Park Street Cultural Tour

Home on Park Street
Four Days in the Corridor
Experiencing Community
What the Kids Said

Day One
Chadbourne College
Sadie Pearson & Richard Davis
Trinity Church
Ideal Body Shop
Park Street Shoe Repair
Yee's Laundry
La Movida
Mercado Marimar
Bram's Addition

Day Two
Early Childhood Center
Yue-Wah Oriental Foods
Boys & Girls Club
Style & Grace Salon
St. Mark's Lutheran Church
Romnes Apartments
Yasmin's Halal Meat Market
Miracle's Home
Neighborhood House
Italian Workmen's Club
Family Potluck

Day Three
Meriter Hospital
Bayview Mural
Bocce Ball
Beth Israel Synagogue
Wisconsin Union Hoofers
Mexico Lindo
Fishing Along Wingra Creek

Day Four
AFL-CIO (Labor Temple)
Eugene Parks
Quality Ace Hardware
Oriental Shop
Lakeside Fibers
Chicken Underground
Family Daycare
Tropical Fish World
Quann Community Gardens
Multicultural Center

Street Scenes 1
Street Scenes 2
Park Street Delights 1
Park Street Delights 2

Dane County Cultural Tour
Hmong Cultural Tour

In the cafeteria
Students entering Chadbourne

Chadbourne Residential College

420 North Park Street

Inside a dorm roomChadbourne Hall isn't a regular Dorm where you just eat, sleep, and hold your stuff. It is a Residential Community, which means that they could have special classes after school at Chadbourne.


There are no kitchens in the rooms, so the students all eat in a large cafeteria where you can choose what you would like to eat. They serve lunch dinner and breakfast in the cafeteria but many of the students keep a few non-perishable items in their rooms to snack on.
–ElenaIn the cafeteria

When the students eat they use their student ID cards for "Magic money."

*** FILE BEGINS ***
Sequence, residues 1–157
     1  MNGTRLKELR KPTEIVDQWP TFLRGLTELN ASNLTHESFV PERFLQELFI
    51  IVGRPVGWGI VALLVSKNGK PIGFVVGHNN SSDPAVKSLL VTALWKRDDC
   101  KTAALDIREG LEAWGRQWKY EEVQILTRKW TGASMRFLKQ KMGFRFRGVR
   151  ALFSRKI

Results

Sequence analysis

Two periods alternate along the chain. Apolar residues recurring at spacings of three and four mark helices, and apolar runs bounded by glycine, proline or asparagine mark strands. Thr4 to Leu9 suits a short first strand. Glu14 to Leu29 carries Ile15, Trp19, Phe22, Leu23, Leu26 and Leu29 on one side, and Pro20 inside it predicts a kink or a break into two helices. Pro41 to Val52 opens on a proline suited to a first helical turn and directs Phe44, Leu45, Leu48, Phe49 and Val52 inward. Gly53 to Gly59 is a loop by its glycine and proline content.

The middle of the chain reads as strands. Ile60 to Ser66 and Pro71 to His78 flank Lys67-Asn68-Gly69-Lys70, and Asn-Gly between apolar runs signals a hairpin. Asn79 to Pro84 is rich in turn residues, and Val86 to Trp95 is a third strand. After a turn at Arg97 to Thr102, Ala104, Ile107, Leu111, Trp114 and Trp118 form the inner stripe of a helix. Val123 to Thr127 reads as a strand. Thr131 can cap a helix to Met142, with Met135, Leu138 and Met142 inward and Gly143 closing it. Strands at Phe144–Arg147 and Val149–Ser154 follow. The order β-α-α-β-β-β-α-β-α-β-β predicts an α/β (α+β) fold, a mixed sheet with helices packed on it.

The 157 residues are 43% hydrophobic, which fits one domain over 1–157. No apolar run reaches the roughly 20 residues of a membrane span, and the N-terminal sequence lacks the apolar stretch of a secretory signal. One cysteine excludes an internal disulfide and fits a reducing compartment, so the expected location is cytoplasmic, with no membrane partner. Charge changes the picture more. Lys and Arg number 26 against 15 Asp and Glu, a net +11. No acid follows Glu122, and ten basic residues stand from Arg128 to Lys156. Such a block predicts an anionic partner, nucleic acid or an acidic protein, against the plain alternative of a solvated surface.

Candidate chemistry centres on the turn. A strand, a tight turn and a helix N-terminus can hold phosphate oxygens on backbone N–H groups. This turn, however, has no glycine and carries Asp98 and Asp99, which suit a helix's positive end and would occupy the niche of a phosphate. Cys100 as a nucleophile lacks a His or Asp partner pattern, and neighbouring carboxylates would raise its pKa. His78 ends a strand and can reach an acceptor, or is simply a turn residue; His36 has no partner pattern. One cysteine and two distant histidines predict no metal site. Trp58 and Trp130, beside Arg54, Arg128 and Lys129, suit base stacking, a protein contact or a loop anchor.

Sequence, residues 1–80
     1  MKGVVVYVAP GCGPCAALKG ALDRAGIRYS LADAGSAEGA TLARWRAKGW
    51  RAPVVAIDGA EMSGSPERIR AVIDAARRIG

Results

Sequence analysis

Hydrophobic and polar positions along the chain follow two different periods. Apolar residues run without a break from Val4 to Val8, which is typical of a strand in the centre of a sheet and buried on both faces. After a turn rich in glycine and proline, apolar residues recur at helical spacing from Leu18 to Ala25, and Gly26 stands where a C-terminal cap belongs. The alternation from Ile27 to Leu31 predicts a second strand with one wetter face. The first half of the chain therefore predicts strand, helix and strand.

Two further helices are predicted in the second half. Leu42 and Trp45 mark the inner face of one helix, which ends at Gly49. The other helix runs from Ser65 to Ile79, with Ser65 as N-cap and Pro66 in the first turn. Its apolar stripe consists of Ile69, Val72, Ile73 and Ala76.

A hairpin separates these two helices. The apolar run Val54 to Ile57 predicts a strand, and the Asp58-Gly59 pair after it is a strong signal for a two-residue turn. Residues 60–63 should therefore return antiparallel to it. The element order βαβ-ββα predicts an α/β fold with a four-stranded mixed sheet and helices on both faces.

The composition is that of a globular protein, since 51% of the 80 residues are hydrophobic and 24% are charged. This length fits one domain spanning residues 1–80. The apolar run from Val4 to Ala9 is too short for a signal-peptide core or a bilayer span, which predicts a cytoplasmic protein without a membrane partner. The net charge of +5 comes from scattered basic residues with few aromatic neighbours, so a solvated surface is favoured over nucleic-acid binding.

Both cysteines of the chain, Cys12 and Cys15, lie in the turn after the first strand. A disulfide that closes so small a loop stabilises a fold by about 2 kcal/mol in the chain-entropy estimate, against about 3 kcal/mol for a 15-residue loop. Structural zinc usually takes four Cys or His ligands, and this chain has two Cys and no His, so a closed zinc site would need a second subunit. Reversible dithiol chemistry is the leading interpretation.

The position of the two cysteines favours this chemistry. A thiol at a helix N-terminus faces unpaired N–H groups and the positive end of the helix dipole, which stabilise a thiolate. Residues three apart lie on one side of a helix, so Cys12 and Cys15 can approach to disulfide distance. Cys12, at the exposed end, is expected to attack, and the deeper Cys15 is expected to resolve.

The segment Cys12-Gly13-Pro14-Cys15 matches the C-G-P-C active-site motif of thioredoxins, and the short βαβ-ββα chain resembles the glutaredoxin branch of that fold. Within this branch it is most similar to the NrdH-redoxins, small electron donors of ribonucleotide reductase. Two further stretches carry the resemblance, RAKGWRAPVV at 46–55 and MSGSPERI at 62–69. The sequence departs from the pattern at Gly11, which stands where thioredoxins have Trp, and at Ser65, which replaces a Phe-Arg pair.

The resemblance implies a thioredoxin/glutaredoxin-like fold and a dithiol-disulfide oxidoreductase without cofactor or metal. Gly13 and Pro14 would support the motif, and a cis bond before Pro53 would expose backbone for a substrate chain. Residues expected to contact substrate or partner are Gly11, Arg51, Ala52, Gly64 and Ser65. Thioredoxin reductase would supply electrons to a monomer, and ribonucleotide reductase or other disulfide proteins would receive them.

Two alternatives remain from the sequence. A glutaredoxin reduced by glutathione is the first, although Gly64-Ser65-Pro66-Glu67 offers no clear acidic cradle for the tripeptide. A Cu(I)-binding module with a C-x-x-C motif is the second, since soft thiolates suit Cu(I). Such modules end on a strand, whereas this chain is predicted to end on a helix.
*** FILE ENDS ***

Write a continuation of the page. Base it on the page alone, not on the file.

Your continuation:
The cafeteria serves the students three meals a day. The students swipe their card that digitally stores money for their meals.

Eleven floors for eight hundred people
Seventy people on each floor
Tiny rooms the size of closets built for two
A home for many people for years.

The entrance to ChadbourneThe dorm is about 15 x 15 feet and has a lot of stuff cramped in it. They have a TV, a loaf of bread on a shelf, a computer with a printer, and a bunk bed with the bottom bed folding up into a sofa. One side of the room is one person's while the other half is one other's side of the "house."

When we walked into her dorm, I thought it was pretty small, but after a bit of looking around I thought all the really cool stuff made up for the size.

There are 800 students living there. The boys live A dorm roomon one floor and the girls live on another. Two people share a dorm and all their stuff has to be crammed into one small room. They have to walk up a bunch of steps to get to their dorms, for every class they go to they have to go to a different building and have a different teacher. They have classes at all random times of the week and day.


Link back to the Center for the Study of Upper Midwestern Cultures

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Page Last Updated: January 12, 2005